diabetes and depression is unclear, but together they are increased cause for concern: depression makes it difficult for people to take care of themselves, and in diabetics, self-care is particularly important to keep blood glucose levels under control.
Depression can and should be treated. People who are depressed are less likely to follow their diabetes treatment plan, resulting in poor glucose management and higher risk for the development of diabetes-related complications. Poor physical health can also impact your mental well-being, leading to a vicious cycle.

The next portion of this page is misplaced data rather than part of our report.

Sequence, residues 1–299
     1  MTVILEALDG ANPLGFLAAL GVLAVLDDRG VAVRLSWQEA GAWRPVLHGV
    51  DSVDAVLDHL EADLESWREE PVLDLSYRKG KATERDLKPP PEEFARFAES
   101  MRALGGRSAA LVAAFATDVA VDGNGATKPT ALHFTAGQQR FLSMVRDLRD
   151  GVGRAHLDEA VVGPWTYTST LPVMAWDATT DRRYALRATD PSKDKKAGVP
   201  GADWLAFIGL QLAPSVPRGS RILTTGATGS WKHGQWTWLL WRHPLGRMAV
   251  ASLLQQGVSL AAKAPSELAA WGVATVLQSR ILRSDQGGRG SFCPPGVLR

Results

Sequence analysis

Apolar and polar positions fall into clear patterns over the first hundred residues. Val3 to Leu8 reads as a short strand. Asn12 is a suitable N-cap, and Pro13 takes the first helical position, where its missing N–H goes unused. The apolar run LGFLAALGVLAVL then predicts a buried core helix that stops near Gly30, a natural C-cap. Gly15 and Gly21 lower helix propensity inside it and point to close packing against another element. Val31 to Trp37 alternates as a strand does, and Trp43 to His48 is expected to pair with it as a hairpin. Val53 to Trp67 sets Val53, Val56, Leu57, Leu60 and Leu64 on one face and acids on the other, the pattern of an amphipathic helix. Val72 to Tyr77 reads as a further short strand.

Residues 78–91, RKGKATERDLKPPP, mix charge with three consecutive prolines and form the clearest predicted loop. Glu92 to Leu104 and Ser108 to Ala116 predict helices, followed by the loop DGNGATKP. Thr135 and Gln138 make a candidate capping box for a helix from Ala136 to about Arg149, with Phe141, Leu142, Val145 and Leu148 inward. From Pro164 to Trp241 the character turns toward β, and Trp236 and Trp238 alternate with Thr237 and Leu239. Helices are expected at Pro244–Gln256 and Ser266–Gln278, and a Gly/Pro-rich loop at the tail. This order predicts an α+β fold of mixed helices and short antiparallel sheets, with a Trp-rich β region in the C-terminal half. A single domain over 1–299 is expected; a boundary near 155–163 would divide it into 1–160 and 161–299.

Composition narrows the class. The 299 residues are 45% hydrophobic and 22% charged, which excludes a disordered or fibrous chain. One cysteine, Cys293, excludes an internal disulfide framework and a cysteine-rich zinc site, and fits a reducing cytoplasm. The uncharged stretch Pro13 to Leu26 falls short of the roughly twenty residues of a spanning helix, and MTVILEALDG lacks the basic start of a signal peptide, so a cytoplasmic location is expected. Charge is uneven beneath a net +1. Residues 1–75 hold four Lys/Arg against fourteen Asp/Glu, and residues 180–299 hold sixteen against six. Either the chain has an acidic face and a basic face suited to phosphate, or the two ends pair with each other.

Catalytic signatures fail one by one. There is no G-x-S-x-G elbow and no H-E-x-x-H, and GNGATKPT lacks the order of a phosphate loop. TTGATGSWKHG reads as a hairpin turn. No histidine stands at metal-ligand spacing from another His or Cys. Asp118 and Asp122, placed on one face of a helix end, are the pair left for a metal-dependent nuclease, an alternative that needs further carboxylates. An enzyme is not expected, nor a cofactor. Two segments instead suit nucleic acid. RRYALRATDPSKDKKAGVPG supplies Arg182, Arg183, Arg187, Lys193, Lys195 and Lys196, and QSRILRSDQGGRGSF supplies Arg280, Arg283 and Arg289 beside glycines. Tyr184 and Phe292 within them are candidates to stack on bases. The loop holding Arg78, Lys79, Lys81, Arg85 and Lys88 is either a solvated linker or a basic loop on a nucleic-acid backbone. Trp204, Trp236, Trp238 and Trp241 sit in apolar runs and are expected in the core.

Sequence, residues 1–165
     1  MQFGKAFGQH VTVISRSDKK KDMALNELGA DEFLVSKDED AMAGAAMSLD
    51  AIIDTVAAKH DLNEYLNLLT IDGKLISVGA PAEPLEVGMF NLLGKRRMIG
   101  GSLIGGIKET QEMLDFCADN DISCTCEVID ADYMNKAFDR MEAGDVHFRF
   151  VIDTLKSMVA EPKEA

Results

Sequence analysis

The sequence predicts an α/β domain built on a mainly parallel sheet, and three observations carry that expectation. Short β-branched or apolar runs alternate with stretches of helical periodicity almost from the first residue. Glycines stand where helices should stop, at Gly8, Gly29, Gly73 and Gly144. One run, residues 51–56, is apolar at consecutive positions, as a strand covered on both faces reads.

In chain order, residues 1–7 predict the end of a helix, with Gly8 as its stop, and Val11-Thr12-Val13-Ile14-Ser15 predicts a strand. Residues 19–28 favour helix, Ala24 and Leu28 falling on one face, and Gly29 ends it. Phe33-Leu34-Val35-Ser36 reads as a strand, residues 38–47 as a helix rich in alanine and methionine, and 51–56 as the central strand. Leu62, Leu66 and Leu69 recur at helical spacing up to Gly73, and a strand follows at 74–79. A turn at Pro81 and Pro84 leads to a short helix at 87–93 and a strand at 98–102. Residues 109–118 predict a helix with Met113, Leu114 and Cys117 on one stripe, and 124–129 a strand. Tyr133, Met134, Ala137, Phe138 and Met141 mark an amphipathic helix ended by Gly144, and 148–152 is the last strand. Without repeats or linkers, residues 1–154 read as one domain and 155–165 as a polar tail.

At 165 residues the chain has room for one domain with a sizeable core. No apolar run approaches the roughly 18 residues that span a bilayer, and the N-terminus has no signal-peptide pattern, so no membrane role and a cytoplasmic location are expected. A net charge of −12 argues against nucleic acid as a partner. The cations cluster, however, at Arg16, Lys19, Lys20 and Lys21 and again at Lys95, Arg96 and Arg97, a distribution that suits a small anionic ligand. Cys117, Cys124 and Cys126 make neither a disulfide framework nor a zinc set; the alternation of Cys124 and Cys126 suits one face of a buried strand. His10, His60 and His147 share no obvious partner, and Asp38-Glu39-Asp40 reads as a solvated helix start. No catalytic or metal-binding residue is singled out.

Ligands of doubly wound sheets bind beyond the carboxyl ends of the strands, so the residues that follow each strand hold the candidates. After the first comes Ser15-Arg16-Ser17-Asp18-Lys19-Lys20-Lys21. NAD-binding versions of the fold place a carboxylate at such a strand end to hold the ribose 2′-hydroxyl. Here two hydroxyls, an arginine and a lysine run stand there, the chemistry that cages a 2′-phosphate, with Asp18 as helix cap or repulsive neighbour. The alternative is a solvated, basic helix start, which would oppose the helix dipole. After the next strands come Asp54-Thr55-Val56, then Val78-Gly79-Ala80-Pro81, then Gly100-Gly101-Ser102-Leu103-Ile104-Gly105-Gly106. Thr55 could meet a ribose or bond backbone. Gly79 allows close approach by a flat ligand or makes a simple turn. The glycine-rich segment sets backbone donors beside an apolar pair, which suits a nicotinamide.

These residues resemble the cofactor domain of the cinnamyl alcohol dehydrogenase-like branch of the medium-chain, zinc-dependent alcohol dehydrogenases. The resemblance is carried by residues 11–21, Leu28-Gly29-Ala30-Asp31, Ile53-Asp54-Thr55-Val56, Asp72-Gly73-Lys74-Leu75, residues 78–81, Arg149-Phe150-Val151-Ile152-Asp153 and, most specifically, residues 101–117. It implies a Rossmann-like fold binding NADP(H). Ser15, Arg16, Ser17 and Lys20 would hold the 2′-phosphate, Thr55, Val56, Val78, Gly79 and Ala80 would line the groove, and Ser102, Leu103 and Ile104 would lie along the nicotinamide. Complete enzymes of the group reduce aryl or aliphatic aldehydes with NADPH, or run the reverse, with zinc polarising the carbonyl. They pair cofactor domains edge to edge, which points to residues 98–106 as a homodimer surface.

Signs or symptoms of depression in diabetics can include:
If you notice symptoms of depression, talk to your doctor and ask for help. Depression can be treated. Medication and psycho-therapy are most often used in some combination, depending on the person being treated. Ask your doctor for a referral to a mental health professional who is experienced in treating depression in diabetics. Always provide every healthcare professional you see with a complete list of medications you take (including insulin), and the dosages. Since everyone responds differently, medications may need to be adjusted until the right combination can be found for you.
It is not uncommon to find diabetes and depression together. It is important to get assessed and begin treatment quickly, so that you can continue to take good care of your health.